I reviewed Final Fantasy XIV a few months ago when the game was still relatively new and was mostly not impressed by what I saw. Go here to read my first review. Now that Square Enix has made a number of updates, I wanted to review the game for a second time.
Arc and I just finished watching a few new anime series straight from Japan via CrunchyRoll and would like recommend a few series to you.
Fortune Arterial: A charming boarding school anime that involves fitting in, coming of age, and vampires. This anime features some of the most charming and tame vampires I have ever seen.
The World God Only Knows: The main character in WGOK is an anti-social dating game obsessed young man who is only interested in 2-D girls. One day, he receives a challenge that states he can conquer every girl he meets. Keima accepts and finds himself saddled with a demon partner named Elsie and a challenge to woo girls who are possessed with escaped souls. The show itself is enjoyable and worth watching, but the last episode has to be one of the coolest/scariest things I have ever seen.
Panty & Stocking: An acid trip. It’s a damn enjoyable acid trip, but this show is really off-the-wall. Must be consumed in small amounts over long periods of time.
Squid Girl: Ika Musume is the cutest world conquerer that you will ever meet. De geso!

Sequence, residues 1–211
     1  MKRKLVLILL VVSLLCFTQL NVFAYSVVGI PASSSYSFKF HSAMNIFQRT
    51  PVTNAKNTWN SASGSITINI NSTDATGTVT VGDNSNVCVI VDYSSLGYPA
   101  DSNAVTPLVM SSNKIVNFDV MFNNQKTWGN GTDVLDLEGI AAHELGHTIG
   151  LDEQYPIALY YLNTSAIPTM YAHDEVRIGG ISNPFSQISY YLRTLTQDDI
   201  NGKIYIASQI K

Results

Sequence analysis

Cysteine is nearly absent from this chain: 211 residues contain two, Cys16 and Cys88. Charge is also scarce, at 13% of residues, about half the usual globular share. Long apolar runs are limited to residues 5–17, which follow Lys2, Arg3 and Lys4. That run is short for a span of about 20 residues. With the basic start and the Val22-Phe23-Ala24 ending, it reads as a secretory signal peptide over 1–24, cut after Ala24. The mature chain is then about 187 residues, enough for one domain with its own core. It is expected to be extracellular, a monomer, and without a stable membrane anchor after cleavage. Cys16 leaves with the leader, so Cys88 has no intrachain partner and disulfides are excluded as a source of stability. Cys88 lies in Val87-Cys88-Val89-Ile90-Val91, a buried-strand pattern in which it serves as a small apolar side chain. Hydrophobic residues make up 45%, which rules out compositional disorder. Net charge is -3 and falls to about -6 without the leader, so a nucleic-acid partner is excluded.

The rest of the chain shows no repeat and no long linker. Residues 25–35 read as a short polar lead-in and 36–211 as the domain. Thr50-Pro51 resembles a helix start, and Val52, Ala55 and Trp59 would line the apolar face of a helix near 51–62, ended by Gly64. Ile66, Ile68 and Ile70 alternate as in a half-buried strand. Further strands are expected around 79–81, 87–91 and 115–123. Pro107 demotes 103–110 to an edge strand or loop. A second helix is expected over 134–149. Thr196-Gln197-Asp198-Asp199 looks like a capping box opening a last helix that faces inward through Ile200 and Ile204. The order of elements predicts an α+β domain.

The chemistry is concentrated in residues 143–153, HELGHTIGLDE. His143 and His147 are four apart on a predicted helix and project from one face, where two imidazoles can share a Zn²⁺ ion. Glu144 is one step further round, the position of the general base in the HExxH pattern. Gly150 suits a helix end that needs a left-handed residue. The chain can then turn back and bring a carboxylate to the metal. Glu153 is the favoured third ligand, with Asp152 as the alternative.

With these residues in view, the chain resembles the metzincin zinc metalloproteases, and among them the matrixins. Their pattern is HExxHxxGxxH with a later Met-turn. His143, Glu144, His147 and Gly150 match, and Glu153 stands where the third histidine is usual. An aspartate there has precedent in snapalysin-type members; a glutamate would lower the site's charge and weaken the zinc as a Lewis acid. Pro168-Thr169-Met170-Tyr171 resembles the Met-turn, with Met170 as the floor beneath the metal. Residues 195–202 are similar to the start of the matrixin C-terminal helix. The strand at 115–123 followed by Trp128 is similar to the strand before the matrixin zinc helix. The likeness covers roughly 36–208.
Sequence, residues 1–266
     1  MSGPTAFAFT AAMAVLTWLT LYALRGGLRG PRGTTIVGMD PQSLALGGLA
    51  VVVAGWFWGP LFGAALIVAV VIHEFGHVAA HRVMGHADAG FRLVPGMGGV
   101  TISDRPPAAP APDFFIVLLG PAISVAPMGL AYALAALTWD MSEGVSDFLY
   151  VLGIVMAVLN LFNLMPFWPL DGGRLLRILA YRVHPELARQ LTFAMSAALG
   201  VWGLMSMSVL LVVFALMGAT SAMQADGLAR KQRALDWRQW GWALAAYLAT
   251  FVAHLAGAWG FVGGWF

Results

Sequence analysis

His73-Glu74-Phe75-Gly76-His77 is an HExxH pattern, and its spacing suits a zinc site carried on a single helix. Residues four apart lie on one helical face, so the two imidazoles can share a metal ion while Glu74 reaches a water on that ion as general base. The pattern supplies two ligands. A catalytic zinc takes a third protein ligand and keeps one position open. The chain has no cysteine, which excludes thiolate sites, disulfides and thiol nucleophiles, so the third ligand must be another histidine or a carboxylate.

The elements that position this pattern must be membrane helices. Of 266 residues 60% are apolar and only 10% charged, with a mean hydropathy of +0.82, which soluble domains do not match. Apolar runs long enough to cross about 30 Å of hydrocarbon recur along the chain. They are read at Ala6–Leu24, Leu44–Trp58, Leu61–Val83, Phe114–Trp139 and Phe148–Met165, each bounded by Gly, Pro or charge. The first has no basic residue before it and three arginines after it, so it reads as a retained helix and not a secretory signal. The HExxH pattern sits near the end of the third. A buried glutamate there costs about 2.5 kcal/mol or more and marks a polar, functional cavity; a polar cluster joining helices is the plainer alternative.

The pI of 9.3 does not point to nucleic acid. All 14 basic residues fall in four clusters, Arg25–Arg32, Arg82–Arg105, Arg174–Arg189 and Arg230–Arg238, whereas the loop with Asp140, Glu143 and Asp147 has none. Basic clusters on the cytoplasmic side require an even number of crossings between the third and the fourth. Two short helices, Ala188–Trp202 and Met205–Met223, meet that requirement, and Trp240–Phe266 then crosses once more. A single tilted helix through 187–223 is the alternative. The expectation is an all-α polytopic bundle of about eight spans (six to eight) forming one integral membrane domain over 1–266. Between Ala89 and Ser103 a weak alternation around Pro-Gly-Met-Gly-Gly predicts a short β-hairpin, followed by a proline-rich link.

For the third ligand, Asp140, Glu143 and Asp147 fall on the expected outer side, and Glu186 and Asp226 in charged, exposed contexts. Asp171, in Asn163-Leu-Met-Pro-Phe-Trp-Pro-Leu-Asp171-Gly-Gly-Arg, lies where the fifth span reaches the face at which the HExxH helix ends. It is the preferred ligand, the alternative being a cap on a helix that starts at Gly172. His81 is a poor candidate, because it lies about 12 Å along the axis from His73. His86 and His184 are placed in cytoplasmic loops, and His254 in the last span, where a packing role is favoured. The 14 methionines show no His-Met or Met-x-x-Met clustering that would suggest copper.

Otome Yokai Zakuro: Zakuro is set during the Westernization of Japan, when European ways are clashing with the traditional Japanese spiritual world. A group of young soldiers is sent to work with the Ministry Spiritual Affairs and an understanding begins to grow between the two groups. An interesting note, Arc and I think that Agemaki must be the grandfather of Tamaki from Ouran High School Host Club.
I have been planning on writing a review about Tenjho Tenge, but have been putting it off because I wanted to watch the series again before making any judgement about it. Unfortunately, I haven’t been able to force myself to watch the show again to make a fair judgement about it. So, please bear in mind while reading this review that it has been at least a year since I have last watched Tenjho Tenge and at least 4 years since I first watched the series.
Tenjho Tenge has great promise as a series. The characters are lively and well constructed, the opening theme is great, and the sword skills/fighting styles that are demonstrated in the anime are awesome. But, the plot and the show structure are designed and presenting in a fashion that leaves the viewer lost and irritated. I’ll say more about that later.